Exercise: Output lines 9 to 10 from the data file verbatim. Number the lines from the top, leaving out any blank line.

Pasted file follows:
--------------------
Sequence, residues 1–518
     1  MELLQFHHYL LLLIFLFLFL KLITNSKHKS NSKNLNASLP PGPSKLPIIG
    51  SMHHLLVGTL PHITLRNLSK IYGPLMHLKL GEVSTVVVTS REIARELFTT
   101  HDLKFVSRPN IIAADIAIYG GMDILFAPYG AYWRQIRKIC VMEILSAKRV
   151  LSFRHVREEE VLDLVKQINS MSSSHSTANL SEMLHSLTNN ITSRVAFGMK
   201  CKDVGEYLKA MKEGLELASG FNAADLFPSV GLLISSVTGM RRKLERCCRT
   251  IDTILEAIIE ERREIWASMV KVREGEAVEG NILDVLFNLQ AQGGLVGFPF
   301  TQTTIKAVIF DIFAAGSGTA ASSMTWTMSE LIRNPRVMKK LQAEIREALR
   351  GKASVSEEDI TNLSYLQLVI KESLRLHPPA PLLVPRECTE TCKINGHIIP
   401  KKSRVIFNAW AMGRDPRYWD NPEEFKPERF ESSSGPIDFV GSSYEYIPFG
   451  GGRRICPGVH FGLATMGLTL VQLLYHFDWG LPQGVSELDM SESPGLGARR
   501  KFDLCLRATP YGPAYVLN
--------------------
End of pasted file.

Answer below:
   351  GKASVSEEDI TNLSYLQLVI KESLRLHPPA PLLVPRECTE TCKINGHIIP
   401  KKSRVIFNAW AMGRDPRYWD NPEEFKPERF ESSSGPIDFV GSSYEYIPFG